March 6, 2021
- as seen by -Kimberly Grendzinski
In June 2020, WCS’s Central Park Zoo hatched its first macaroni penguin (Eudyptes chrysolophus) chick. The zoo established a breeding program for macaroni penguins in 2017 to augment our long successful reproduction programs for a number of Antarctic penguin species. We decided to focus on them since they are currently listed as Vulnerable by IUCN Red List of Threatened Species with a decreasing population.
Due to parental issues during the beginning of incubation of this egg, the decision was made to give the egg to an experienced pair of chinstrap penguins (Pygoscelis antarcticus) to be foster raised (above, inset).
The chinstrap pair did an amazing job feeding, protecting, and warming the chick until she could eat on her own. Once she was more independent, the youngster named “Marinara” was joined by her biological macaroni penguin mother “Alfredo” until she was ready to join the rest of the flock in their exhibit.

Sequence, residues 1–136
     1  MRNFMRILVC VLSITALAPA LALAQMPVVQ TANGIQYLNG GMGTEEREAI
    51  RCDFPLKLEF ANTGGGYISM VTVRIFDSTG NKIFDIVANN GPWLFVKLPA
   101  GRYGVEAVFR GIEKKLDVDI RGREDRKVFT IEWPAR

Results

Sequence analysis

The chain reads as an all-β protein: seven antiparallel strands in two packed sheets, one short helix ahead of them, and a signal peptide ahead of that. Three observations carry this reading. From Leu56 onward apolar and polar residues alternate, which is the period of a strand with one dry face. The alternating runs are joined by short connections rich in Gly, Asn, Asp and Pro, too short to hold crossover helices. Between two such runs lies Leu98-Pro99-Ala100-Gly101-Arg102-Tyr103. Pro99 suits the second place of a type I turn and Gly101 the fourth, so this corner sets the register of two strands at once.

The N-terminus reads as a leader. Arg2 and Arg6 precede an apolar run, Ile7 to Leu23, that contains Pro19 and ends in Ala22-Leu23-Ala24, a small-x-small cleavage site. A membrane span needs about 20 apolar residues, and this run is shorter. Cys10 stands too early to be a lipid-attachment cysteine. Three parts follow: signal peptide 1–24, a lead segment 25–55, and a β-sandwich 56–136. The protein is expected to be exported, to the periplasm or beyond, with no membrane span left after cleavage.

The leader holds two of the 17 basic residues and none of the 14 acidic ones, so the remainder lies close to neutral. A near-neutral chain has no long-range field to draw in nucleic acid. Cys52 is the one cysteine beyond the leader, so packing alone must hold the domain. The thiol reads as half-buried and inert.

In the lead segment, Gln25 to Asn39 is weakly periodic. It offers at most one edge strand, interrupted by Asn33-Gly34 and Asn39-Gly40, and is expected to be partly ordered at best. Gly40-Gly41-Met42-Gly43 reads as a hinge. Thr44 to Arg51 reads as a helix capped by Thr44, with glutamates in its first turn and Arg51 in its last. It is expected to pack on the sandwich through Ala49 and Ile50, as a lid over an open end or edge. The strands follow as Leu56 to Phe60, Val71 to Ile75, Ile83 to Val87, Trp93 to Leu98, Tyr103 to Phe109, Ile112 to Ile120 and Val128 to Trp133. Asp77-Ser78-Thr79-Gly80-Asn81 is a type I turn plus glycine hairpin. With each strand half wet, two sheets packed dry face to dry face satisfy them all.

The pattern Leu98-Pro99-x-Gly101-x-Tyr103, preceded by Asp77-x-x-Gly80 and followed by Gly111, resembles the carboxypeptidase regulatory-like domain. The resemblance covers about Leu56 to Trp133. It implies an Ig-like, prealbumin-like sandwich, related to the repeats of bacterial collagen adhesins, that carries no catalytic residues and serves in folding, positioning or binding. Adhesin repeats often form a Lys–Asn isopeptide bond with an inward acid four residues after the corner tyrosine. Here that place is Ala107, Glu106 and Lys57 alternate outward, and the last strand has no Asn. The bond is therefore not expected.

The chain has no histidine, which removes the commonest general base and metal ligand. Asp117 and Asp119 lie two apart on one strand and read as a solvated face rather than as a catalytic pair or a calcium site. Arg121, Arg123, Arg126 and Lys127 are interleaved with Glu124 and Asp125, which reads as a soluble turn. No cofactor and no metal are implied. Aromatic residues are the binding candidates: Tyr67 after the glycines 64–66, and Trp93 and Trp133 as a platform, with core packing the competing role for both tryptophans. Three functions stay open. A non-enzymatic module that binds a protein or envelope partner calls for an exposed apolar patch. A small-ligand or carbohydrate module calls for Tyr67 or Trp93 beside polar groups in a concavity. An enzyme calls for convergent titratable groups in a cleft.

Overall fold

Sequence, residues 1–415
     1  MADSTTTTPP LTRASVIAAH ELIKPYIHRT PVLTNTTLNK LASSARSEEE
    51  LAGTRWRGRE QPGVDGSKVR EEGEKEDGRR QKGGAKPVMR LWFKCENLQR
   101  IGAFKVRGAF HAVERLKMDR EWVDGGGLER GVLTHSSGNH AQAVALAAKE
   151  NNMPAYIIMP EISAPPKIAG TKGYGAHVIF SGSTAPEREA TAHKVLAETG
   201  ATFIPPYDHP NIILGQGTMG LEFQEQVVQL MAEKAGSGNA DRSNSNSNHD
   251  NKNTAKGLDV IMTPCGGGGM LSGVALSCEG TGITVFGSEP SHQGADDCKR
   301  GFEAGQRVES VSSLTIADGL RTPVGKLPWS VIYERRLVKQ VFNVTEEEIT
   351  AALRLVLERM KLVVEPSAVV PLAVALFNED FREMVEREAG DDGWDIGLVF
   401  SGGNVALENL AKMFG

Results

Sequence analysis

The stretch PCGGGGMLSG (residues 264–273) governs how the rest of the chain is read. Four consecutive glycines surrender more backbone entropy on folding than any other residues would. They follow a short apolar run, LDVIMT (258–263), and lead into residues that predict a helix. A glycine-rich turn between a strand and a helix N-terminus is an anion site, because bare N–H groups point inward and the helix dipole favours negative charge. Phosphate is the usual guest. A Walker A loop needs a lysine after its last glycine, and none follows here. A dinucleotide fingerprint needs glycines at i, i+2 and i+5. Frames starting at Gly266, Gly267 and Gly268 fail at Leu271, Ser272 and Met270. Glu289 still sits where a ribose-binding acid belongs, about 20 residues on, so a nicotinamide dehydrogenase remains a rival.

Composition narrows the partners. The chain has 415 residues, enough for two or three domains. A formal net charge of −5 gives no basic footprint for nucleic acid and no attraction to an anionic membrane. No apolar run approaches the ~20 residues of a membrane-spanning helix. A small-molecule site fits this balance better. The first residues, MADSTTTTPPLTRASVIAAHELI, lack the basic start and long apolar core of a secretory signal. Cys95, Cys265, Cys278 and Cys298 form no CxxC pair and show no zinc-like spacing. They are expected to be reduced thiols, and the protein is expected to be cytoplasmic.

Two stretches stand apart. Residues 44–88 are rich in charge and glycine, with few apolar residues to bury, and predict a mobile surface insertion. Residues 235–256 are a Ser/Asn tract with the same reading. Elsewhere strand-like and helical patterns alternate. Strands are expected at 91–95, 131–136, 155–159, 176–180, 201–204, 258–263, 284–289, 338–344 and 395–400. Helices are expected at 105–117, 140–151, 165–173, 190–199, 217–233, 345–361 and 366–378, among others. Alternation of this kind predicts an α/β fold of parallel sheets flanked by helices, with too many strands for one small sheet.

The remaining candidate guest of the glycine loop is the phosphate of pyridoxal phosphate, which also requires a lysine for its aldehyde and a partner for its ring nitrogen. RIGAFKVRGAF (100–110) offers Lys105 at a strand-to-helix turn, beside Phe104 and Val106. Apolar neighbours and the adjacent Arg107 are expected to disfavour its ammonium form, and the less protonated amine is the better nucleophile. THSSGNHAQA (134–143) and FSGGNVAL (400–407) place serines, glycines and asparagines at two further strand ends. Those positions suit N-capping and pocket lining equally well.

While Marinara is one of nearly 70 penguins in the habitat, she is still relatively easy to spot since she will not fully develop the distinctive yellow crest that is the signature look for macaroni penguins (think Yankee Doodle) until she is about three to four years old, just prior to breeding age. You’ll often see Marinara supervising keepers as they go about their routine and interacting with other penguins in the exhibit.
EDITOR’S NOTE: To celebrate Women’s History Month, Wild View is featuring posts by and about women and their contributions to science and conservation throughout March.
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